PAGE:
ROMAN Abramovich, one of the world's wealthiest men, and Boris Berezovsky, once seen as the Soviet Union's most powerful oligarch, are locked in an epic legal wrangle.
Abramovich forced Berezovsky to sell him billions of pounds of shares cheaply by threatening that Vladimir Putin would seize his assets if he did not comply, a court has heard.
It is claimed Abramovich, the billionaire owner of Chelsea Football Club, conned his former friend and mentor out of more than £2bn (¤2.3bn).
The case saw two of Britain's richest men go head to head as they made allegations about Kremlin intrigue and protection rackets in a High Court case worth £3.5bn (¤4bn).
It is thought special security measures have included sweeping the court for bombs and ensuring the building is sniper-proof.
In one of the only times the pair have come face to face in more than 10 years after they fell out following a meeting, the pair sat at opposite ends of a court room in London, dressed in expensive suits and surrounded by their entourage and dozens of highly paid lawyers.
Berezovsky claims that he was threatened at a meeting in his mansion in Cap d'Antibe in the south of France and forced to sell his shares in Sibneft, a Russian oil and gas conglomerate the two men had created with a third partner.
Abramovich is said to have vowed to get Putin, then the president and now the prime minister of Russia, to reclaim Berezovsky's assets and to prevent the release of one of his friends from jail.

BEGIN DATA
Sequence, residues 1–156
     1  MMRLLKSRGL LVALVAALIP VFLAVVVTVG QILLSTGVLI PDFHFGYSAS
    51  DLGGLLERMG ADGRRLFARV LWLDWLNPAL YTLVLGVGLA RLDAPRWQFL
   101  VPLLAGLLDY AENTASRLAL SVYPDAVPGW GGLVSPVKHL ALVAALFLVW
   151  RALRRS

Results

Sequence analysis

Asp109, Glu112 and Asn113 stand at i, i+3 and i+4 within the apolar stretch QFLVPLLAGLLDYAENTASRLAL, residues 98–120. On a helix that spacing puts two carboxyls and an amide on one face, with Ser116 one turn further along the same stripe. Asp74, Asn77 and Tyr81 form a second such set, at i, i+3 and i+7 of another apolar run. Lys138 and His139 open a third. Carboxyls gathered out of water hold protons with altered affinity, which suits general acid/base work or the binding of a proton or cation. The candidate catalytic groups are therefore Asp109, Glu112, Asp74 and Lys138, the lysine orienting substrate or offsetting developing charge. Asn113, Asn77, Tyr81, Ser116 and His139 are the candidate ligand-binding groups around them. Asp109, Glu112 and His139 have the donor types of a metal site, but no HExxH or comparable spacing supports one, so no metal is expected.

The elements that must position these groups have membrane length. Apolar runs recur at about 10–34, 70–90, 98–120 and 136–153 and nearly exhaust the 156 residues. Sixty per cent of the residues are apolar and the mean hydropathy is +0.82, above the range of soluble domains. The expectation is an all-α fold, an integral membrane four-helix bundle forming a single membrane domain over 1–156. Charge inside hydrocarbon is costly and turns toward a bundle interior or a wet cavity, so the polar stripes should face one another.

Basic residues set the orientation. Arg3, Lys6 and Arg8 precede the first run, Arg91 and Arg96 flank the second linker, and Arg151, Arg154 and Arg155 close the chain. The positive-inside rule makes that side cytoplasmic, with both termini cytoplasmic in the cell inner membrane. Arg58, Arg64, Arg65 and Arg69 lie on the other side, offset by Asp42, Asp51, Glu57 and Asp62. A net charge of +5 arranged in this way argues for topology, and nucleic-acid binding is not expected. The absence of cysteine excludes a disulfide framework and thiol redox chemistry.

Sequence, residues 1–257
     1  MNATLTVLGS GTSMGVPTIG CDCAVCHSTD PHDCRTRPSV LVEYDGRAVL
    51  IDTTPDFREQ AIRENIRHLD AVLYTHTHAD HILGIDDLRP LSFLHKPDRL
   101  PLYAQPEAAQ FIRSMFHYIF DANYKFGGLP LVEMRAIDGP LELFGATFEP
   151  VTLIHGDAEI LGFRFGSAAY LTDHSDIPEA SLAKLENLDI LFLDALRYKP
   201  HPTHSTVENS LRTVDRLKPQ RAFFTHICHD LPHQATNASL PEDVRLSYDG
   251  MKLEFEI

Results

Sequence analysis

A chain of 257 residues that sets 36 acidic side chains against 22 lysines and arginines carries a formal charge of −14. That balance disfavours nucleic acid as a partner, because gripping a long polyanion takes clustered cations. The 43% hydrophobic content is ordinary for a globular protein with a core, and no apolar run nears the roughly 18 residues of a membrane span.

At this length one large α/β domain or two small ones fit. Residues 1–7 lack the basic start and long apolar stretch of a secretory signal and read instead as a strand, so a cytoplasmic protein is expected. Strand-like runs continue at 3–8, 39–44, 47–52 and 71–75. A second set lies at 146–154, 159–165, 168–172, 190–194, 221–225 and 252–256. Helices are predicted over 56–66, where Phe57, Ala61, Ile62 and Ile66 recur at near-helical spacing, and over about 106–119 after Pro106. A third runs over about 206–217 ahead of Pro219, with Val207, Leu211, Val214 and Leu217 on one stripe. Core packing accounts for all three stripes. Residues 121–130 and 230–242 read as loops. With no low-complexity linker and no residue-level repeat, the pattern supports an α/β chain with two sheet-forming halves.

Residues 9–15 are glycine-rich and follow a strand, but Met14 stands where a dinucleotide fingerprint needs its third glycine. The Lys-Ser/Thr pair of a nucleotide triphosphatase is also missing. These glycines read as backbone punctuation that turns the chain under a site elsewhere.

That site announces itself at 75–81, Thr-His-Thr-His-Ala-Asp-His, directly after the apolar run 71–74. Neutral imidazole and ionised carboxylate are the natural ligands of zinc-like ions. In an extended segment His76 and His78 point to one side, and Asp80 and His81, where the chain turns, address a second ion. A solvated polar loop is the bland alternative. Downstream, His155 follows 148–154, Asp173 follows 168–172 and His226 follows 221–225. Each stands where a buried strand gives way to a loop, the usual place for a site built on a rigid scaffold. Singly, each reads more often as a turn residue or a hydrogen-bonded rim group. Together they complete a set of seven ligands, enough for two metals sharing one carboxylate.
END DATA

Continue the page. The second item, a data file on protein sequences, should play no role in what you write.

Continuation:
It was claimed the Chelsea owner was "a man to whom wealth and influence mattered more than friendship and loyalty", said Laurence Rabinowitz representing Berezovsky.
However, Abramovich claims that the two were never friends and that he only hired Berezovsky to provide political influence and protection from Chechen gangsters.
Without acknowledging each other, the pair listened to the opening of the High Court case, one of the most expensive in legal history, which is expected to last three months and see both of them give evidence.
Mr Rabinowitz told the hearing: "This is a case about two men who worked together to acquire an asset that would make them wealthy beyond the wildest dreams of most people and who in the process, we say, became and remained good friends."
He said they fell out when Berezovsky, who had adopted a high political profile in Russia through his control of media outlets including a television station called ORT, fell foul of the Kremlin and was forced to leave the country and seek asylum in Britain.
That, he said, left Abramovich in a position where he was "in effect required to make a choice -- to remain loyal to Berezovsky, his friend and mentor and the person to whom he owed his newly acquired great fortune, or instead, as we submit, to betray Berezovsky and to seek to profit from his difficulties".
"It is our case that Abramovich at that point demonstrated that he was a man to whom wealth and influence mattered more than friendship and loyalty and this has led him, finally, to go so far as to even deny that he and Berezovsky were actually ever friends," Mr Rabinowitz told the court.
Abramovich claims he was being generous in taking the loss-making ORT off Berezovsky's hands and agreeing to a substantial pay-out of £800m (¤935m).
The case continues.